&nbsp&nbsp&nbsp&nbsp&nbsp&nbsp&nbsp&nbsp&nbsp&nbsp coyotes will feast tonight.

Then:
&nbsp&nbsp&nbsp&nbsp&nbsp&nbsp&nbsp&nbsp&nbsp&nbsp pull the skin taut with one hand,
&nbsp&nbsp&nbsp&nbsp&nbsp&nbsp&nbsp&nbsp&nbsp&nbsp slice the spider web of tissue with care.
&nbsp&nbsp&nbsp&nbsp&nbsp&nbsp&nbsp&nbsp&nbsp&nbsp Save the tail for soup.
&nbsp&nbsp&nbsp&nbsp&nbsp&nbsp&nbsp&nbsp&nbsp&nbsp Drape the hide on the fence.

Let her hang:
&nbsp&nbsp&nbsp&nbsp&nbsp&nbsp&nbsp&nbsp&nbsp&nbsp sheet-wrapped, through three cool October days,
&nbsp&nbsp&nbsp&nbsp&nbsp&nbsp&nbsp&nbsp&nbsp&nbsp while leaves yellow and
&nbsp&nbsp&nbsp&nbsp&nbsp&nbsp&nbsp&nbsp&nbsp&nbsp coyotes howl thanksgiving.

Cut her up:
&nbsp&nbsp&nbsp&nbsp&nbsp&nbsp&nbsp&nbsp&nbsp&nbsp bring one quarter at a time to the kitchen table.
&nbsp&nbsp&nbsp&nbsp&nbsp&nbsp&nbsp&nbsp&nbsp&nbsp Toss bones into the big soup kettle
&nbsp&nbsp&nbsp&nbsp&nbsp&nbsp&nbsp&nbsp&nbsp&nbsp to simmer, the marrow sliding out. Chunk
&nbsp&nbsp&nbsp&nbsp&nbsp&nbsp&nbsp&nbsp&nbsp&nbsp scraps, pack them in canning jars.
&nbsp&nbsp&nbsp&nbsp&nbsp&nbsp&nbsp&nbsp&nbsp&nbsp Cut thick red steaks, wrap them in white paper,
&nbsp&nbsp&nbsp&nbsp&nbsp&nbsp&nbsp&nbsp&nbsp&nbsp labeled for the freezer.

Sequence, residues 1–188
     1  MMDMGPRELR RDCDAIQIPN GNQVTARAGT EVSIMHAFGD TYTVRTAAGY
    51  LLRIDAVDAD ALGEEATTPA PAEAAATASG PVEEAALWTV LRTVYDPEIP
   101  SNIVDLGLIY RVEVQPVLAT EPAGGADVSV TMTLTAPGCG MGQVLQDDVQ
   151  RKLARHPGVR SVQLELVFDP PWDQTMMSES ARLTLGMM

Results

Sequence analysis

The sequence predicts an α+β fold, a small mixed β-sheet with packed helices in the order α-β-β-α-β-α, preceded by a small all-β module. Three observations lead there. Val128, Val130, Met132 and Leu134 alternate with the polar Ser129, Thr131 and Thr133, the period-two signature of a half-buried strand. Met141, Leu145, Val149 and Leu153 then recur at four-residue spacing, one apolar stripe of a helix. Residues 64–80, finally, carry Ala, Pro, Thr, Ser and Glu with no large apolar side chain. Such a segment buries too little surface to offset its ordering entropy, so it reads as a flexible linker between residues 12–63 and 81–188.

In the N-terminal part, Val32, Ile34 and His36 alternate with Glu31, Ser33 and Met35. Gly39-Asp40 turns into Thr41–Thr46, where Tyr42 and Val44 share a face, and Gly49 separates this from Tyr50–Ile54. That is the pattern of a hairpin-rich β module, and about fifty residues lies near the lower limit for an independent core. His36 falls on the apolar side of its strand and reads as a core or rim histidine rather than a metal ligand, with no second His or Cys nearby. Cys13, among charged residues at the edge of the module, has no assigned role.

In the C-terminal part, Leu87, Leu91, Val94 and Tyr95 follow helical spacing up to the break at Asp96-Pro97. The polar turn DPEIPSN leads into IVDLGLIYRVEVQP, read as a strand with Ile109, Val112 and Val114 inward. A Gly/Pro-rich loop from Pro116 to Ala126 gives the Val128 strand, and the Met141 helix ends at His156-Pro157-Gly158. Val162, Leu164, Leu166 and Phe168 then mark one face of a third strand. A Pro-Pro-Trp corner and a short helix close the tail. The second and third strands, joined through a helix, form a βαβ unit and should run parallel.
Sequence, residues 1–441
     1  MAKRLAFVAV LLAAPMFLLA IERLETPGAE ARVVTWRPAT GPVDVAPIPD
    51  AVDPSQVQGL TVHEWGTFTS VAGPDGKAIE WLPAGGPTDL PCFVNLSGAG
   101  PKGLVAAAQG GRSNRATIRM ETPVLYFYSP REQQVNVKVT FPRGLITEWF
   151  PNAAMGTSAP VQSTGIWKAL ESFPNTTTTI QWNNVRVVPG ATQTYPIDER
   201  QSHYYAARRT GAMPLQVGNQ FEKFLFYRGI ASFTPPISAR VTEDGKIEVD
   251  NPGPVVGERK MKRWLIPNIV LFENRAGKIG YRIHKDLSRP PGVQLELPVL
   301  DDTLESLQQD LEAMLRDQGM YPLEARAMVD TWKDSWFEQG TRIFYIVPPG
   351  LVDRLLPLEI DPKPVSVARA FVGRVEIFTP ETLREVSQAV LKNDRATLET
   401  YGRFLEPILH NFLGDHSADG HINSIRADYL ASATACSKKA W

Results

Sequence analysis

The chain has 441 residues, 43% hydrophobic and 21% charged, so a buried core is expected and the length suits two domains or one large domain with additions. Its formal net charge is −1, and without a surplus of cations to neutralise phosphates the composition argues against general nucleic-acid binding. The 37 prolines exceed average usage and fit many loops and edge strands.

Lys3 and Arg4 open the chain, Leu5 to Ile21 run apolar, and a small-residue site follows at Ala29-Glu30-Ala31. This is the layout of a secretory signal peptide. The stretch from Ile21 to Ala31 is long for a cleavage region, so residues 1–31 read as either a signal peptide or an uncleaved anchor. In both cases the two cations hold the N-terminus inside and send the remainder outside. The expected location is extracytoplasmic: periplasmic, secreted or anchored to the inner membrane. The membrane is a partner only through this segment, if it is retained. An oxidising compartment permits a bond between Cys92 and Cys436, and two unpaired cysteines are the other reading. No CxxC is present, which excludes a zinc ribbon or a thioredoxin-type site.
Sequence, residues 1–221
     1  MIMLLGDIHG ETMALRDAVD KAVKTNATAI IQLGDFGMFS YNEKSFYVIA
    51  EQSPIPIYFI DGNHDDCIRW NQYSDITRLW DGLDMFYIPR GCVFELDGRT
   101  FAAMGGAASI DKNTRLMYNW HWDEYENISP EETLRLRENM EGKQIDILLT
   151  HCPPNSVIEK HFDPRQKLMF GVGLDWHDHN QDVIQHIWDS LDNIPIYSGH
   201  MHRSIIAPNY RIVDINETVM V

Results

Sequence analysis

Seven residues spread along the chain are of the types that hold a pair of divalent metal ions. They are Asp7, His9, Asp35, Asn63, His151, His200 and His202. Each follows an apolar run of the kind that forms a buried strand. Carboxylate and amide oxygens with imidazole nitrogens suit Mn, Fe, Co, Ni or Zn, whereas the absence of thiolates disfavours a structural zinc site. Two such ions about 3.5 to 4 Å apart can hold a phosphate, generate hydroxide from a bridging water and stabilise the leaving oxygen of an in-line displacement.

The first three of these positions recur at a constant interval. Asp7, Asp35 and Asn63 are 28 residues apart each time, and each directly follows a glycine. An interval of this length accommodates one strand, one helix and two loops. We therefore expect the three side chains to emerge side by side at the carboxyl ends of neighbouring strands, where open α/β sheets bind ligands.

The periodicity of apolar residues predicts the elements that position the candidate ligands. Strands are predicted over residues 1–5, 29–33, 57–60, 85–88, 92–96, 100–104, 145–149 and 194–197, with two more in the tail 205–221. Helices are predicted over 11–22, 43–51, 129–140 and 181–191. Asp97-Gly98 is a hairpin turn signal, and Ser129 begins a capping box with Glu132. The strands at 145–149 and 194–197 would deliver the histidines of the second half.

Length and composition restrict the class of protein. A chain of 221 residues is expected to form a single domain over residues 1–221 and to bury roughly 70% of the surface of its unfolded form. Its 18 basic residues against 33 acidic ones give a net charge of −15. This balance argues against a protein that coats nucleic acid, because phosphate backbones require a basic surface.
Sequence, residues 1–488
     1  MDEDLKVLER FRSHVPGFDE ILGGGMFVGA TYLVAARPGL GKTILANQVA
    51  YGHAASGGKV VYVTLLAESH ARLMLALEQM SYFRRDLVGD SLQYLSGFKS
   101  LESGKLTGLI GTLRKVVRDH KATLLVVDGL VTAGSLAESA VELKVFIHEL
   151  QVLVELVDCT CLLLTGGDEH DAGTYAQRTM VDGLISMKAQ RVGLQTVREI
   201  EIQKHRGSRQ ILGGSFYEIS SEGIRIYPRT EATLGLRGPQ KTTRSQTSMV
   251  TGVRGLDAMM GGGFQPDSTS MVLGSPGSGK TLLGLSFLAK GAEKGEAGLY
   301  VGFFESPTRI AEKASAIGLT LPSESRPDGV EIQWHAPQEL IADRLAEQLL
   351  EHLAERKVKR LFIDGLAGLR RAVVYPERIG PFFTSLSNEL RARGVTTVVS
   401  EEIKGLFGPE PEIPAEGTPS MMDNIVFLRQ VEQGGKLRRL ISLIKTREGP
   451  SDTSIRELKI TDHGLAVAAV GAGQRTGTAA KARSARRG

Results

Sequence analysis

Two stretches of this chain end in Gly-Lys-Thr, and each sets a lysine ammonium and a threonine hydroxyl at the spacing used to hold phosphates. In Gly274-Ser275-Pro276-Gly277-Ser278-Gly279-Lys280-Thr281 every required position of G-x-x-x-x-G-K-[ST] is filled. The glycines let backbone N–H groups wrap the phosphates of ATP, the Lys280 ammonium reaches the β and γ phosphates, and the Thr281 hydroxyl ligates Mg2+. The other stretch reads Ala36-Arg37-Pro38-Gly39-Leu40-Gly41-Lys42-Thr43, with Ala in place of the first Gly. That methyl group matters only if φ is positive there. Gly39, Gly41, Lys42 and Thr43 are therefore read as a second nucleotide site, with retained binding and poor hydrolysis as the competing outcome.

Make meat:
&nbsp&nbsp&nbsp&nbsp&nbsp&nbsp&nbsp&nbsp&nbsp&nbsp worship at a bloody altar, knives singing praises
&nbsp&nbsp&nbsp&nbsp&nbsp&nbsp&nbsp&nbsp&nbsp&nbsp for the heifer's health, for flesh she made
&nbsp&nbsp&nbsp&nbsp&nbsp&nbsp&nbsp&nbsp&nbsp&nbsp of hay pitched at forty below zero last winter.
&nbsp&nbsp&nbsp&nbsp&nbsp&nbsp&nbsp&nbsp&nbsp&nbsp Your hands are red with her blood,
&nbsp&nbsp&nbsp&nbsp&nbsp&nbsp&nbsp&nbsp&nbsp&nbsp slick with her fat.

You know
&nbsp&nbsp&nbsp&nbsp&nbsp&nbsp&nbsp&nbsp&nbsp&nbsp where your next meal is coming from.


Copyright Linda M. Hasselstrom

# # #

For more information:

Land Circle: Writings Collected from the Land
published by Fulcrum Publishing.
This poem may be found on pages 317-319 of the 1991 edition (cloth)
and on pages 356-358 of the 2008 Anniversary Edition (paper).

Land Circle is a featured book on this website. Click here to read all about the book.

Dakota Bones: The Collected Poems of Linda Hasselstrom
published 1993 by Spoon River Poetry Press (now Plains Press).
This poem may be found on pages 54-55.